Way back in November 1939, Admiral Raeder the Commander-in-Chief of the German Navy gave the order for the 'possiblity of invading England' to be examined. The Naval strategists stated that a seaborne assault on a grand scale across the North Sea would appear to be a possible expedient for forcing the enemy to sue for peace. The German Army then had made comments and suggestions that many were not acceptable to the Navy. The Luftwaffe in December 1939 made their views known which were at the time thought to be most sceptical. Peter Flemming in his book "Invasion 1940" states 'All variants of this early plan envisaged landings on the east coast. At no stage was it refered to OKW (Oberkommando der Wermacht) and there is no reason to suppose that Hitler knew that any preliminary planning for invasion had been done until Raeder had told him about it on 21st May.' Raeder had another meeting with Hitler on 4th June 1940, and despite the Navy's strong thoughts on an invasion, the subject was not even mentioned by either party. On 17th June General Jodl's deputy Warlimont mentions that "...with regards to a landing in Britain, the Fuhrer has not up to now expressed any such intention as he fully appreciates the unusual difficulties of such an operation.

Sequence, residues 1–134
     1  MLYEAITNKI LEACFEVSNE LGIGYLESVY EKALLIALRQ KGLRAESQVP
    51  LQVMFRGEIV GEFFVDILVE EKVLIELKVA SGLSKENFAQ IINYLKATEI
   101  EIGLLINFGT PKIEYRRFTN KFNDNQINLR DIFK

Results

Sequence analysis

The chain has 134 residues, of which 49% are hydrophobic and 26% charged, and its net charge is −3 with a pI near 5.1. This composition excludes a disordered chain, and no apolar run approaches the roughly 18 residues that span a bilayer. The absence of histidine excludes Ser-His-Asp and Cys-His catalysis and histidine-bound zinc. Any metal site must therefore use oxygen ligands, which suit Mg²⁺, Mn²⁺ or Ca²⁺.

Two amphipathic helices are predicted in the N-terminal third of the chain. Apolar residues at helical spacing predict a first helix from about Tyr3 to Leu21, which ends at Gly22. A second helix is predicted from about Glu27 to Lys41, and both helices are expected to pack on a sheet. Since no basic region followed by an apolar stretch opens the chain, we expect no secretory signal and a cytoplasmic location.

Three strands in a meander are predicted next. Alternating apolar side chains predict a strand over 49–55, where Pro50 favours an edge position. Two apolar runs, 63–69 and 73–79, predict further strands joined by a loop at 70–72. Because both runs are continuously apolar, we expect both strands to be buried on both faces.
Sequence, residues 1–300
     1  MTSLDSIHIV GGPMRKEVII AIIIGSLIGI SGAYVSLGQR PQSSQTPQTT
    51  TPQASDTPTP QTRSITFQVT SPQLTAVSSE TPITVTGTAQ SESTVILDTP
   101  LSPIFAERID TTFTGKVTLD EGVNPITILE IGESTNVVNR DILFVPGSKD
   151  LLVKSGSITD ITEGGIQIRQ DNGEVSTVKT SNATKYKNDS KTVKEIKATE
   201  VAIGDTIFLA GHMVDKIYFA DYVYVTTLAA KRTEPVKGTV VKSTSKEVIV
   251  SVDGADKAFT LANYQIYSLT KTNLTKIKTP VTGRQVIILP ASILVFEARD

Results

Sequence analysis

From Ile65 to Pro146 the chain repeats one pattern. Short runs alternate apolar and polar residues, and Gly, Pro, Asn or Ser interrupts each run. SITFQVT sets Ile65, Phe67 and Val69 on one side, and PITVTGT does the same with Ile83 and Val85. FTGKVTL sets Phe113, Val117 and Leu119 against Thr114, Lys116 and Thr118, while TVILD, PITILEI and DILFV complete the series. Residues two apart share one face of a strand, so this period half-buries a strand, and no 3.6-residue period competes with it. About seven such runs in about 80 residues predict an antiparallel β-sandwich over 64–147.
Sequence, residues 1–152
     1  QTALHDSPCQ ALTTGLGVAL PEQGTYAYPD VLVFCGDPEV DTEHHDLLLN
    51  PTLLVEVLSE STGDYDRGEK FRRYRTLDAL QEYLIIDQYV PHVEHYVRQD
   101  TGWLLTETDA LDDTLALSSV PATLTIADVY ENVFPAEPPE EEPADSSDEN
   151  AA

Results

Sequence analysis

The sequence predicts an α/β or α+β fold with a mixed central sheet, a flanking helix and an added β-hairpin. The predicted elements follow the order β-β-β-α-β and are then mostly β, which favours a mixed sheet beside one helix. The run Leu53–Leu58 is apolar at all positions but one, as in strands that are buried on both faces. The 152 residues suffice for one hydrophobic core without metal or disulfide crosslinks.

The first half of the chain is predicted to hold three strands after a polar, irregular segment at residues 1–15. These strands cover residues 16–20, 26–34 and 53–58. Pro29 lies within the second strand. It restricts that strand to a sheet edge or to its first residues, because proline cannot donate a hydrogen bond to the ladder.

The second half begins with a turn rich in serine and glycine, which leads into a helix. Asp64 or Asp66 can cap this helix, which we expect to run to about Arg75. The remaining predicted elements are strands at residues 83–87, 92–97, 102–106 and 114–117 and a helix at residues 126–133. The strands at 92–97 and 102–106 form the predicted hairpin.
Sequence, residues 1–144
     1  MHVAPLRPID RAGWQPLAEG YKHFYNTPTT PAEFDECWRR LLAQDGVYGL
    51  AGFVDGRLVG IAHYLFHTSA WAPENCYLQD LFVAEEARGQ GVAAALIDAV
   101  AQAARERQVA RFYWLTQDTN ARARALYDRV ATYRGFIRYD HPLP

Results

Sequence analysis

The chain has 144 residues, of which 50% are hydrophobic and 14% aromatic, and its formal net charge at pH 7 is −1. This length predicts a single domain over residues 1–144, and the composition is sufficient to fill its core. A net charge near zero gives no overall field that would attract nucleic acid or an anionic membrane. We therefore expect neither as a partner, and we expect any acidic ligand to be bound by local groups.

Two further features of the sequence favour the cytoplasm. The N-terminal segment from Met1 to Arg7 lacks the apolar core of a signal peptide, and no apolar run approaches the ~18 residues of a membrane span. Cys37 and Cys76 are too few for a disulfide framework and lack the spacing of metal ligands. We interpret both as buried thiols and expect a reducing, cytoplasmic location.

If Germany was to make an invasion of England, then surely the best time was when Britain was at their lowest ebb, that was soon after the evacuation of Dunkirk, but even at this time, Hitler still had no plans for an invasion. Admiral Raeder of the German Navy, the German Army and the Supreme forces of the Lufwaffe had all put forward their plans, but Hitler requested a peace treaty. When this was turned down by Winston Churchill, Hitler stated that he had now no alternative but to contemplate an invasion of England. This was done on July 2nd an order was issued by OKW and signed by Keitel: